These days I find myself feeling deeply weary where discussions about ethics and politics are concerned. I reflect on this, I wonder why. Why is it that I grow so tired, so jaded, whenever discussions of politics and ethics come up. I’m divided between two tendencies, two orientations. On the one hand, there is my desire for justice, equity, and fairness. On the other hand, there is my Lucretian and Spinozist desire for peace of mind and beautitude. Ethico-politico desire, the first orientation, is a desire to transform the world, to render it just, and to denounce injustice; injustice that we see all about it. The desire for beautitude and peace of mind is something quite different. It is a desire to simply delight in the machines of the world, the beings of the world, taking them for what they are. The person who has what Spinoza called an “intellectual love of God” does not desire to change things, but rather takes delight in understanding what they are. It is a desire without telos, without aim, without purpose, that simply delights in things for their own sake: rigid machines, octopi, tanuki, storms, and shifting tectonic plates. The Spinozist does not wish to change things because she knows that she cannot. She knows that everything that is results from the causes that preceded it and therefore could not be otherwise. She understands that her rancor and despair arises from believing that things could be otherwise than they are, and understands that if she just knew the causes of things she would no longer experience this despair because she would know that things can’t be any different. Consequently, the only thing she wishes to transform is her own psychology, her own mind, so that she might delight in how things are rather than in willing them to be otherwise. I’m too much of a Lucretian– which is to say, I believe too much in freedom and the aleatory –to adopt this sort of Spinozism, but I certainly see the appeal. I do think there’s a wisdom in this Spinozism.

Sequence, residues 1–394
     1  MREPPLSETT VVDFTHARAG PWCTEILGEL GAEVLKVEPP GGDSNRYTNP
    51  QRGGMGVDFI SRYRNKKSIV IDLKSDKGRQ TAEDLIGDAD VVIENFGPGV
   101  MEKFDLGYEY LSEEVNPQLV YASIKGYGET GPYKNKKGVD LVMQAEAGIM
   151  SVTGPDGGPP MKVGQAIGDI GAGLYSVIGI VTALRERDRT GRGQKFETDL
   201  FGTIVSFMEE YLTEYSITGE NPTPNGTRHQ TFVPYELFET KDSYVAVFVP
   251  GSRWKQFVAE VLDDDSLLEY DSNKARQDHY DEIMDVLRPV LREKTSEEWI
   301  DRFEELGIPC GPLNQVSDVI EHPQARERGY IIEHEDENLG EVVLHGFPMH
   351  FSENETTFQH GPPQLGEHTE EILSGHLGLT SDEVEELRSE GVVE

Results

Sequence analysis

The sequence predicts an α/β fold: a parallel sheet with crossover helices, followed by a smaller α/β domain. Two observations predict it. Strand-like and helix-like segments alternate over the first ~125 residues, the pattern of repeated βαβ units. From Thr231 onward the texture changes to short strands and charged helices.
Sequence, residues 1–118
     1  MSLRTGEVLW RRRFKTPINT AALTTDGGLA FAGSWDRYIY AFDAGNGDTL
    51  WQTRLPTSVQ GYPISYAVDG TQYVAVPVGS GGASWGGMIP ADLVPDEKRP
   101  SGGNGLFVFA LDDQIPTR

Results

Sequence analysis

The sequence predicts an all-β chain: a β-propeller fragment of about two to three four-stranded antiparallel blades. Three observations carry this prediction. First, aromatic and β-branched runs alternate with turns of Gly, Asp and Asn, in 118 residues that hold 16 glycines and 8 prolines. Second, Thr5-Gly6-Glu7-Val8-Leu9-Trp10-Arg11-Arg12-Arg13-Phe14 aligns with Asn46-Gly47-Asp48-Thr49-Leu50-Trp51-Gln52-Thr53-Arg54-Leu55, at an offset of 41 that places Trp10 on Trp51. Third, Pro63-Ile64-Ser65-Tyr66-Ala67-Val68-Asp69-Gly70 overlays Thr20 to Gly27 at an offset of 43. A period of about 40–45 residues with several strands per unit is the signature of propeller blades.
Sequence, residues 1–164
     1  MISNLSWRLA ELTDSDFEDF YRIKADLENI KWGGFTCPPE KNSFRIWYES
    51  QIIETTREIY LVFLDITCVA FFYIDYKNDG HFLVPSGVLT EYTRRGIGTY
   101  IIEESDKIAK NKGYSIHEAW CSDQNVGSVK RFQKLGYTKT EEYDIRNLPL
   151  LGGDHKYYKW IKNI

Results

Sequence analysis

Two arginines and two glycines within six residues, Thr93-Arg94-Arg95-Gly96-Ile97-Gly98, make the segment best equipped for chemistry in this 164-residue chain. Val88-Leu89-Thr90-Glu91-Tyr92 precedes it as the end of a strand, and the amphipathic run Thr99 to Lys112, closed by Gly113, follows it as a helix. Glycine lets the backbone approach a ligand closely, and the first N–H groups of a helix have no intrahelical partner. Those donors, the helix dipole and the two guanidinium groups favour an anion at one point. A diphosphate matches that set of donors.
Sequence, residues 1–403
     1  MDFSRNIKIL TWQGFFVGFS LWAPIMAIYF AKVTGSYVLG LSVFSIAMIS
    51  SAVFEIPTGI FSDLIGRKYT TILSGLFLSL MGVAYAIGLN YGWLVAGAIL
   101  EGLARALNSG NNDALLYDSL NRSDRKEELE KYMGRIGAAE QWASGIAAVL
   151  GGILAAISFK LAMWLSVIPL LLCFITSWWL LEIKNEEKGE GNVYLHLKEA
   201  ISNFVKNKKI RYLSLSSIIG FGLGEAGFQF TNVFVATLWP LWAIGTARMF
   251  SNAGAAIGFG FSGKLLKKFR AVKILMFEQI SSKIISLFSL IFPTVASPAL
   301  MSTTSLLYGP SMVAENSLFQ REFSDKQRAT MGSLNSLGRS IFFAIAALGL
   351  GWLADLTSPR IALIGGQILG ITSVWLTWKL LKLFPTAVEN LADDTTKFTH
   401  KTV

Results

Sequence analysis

Why this ethico-politico weariness, then? I think maybe because I’m keenly aware of political and ethical psychology. Here the issue is not so much about the correctness of ethical and political positions, but rather in how our ethical and political zeal affectively transforms how we experience ourselves and the world. When I go through periods of ethical and political zeal, I do not like myself or the world. When I encounter people filled with political and ethical passions, I do not like these people. In my normative attunements I become ugly. When my intentionality is primarily structured around ethico-politico considerations, my internal world becomes one filled with rage and despair. Everything appears as if it is falling short, as if it is unjust, as if it is horrible. I develop a mania for judgment and denunciation. Like the man on a personal mission to show that everything we enjoy is bad, I become intoxicated with a hermeneutics of suspicion that finds something in every project, in every form of human relation, in every positive proposal, suspect. It’s as if everything– every love, every formation of a collective, every work of art, every movie, every novel, every scientific discovery comes to be seen as harboring a dirty secret. Everything must be denounced, everything is suspect, everyone is a servant of an ugly ideology. My lived inner face becomes transfigured like the faces in painting to the right above. I become puritanical and filled a self-righteous zeal. I don’t like how I feel in these moments of zeal, nor how I relate to others. I don’t like how I come to see the entire world as broken. I don’t like the others I encounter that seem filled with this zeal, who always seem to accuse you of being guilty, who always seem to ask you for your papers. Here there is a deep performative contradiction in so much critical ethical and political theory. Our aim is to change the world, but we make ourselves so unpleasant, we relate to others with such puritanical intolerance, that we end up driving people away rather than forming collectives. We end up doing more to advance conservative and reactionary causes, rather than advancing emancipatory causes. The best friend of the economic and social conservative is the leftist kill-joy who finds everyone impure and who sees every enjoyment as suspect and worthy of condemnation.